Dne 6.8.2012 16:10, Alexander Bokovoy napsal(a):
On Mon, 06 Aug 2012, Jan Cholasta wrote:
Dne 6.8.2012 15:20, Simo Sorce napsal(a):
On Mon, 2012-08-06 at 10:55 +0200, Jan Cholasta wrote:
Hi,

while thinking about <https://fedorahosted.org/freeipa/ticket/2933>, I
had an idea how to make loading data from files available for all
parameters:

I think we can use URI-like strings in parameter values that the CLI
would interpret and extract the wanted information from them
(similar to
what openssl does in the -pass command line option, see PASS PHRASE
ARGUMENTS in openssl(1)).

So, instead of adding a new parameter as a file-accepting
alternative to
any existing parameter (i.e. what is suggested in the ticket), the user
would be able to specify the file in a URI-like string:

(use new parameter --sshpubkeyfile)
$ ipa user-mod --sshpubkey="ssh-rsa AAAA ..."
$ ipa user-mod --sshpubkeyfile=.ssh/id_rsa.pub

vs.

(use file URI-like string)
$ ipa user-mod --sshpubkey="ssh-rsa AAAA ..."
$ ipa user-mod --sshpubkey=file:.ssh/id_rsa.pub

and the CLI would take care of reading the file and using its contents
as the parameter value.

This could be extended with additional URI(-like) schemes:

   - data:<data> - use <data> as the value (useful for escaping values
that look like URIs, but you don't want them to be treated as such)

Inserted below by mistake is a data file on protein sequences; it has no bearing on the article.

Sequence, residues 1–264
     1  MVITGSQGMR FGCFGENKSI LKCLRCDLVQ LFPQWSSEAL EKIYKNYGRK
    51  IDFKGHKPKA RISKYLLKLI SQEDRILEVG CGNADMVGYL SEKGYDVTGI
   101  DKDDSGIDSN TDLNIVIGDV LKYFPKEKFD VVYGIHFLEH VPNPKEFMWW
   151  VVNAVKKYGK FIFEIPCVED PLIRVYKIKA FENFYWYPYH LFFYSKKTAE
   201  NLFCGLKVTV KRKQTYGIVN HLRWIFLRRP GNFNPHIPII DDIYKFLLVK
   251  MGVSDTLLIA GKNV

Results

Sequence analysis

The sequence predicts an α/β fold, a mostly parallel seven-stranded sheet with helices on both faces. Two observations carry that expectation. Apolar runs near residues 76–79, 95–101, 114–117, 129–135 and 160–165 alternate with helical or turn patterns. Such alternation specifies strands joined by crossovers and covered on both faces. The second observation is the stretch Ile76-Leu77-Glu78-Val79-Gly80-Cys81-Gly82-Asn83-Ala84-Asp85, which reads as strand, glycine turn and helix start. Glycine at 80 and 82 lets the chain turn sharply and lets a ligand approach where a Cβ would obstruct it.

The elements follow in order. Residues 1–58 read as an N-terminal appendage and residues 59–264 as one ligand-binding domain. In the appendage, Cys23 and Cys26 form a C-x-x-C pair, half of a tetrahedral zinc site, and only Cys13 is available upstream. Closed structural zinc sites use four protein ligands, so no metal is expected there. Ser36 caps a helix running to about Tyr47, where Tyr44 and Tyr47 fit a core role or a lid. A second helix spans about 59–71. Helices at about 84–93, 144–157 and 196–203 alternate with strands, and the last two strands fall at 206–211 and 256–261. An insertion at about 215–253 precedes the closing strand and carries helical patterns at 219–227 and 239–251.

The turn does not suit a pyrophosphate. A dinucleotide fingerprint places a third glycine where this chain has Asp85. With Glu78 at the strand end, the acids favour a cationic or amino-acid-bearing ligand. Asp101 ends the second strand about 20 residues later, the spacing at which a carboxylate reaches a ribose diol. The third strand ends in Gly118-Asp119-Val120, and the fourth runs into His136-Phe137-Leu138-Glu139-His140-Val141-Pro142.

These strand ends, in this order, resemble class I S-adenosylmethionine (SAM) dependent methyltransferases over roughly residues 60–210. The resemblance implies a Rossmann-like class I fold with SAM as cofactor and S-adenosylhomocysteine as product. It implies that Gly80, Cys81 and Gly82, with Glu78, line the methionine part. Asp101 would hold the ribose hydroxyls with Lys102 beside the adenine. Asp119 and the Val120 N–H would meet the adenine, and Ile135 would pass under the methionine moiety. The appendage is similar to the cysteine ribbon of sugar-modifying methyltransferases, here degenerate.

- base64:<data> - use the value of base64 decoded <data> (useful for
--delattr on ugly raw binary values)
   - fd:<num> - read value from file descriptor <num>
   - env:<var> - read value from environment variable <var>
   - ask: - always prompt interactively for the value
   - default: - use default value, never prompt interactively

Thoughts?

How do you handle values that are actually URI strings, how do you tell
the command to not interpret them ?

Simo.


You can escape them like this: --someparam data:actual://uri/string

As for backward compatibility, this change has the potential to break
things (user scripts which use the CLI, etc.), but AFAIK there is no
parameter in IPA which expects URI string values specifically, so the
impact would be miminal IMHO.

I don't think you need to invent anything here. RFC2397 is available for
long time and provides already effective way to represent any data in
URI.

http://tools.ietf.org/html/rfc2397


I have considered this, but given that these URL-like strings would be mainly used directly by users on the command-line, I think that "base64:<stuff>" is more user friendly than "data:;base64,<stuff>".

Honza

--
Jan Cholasta

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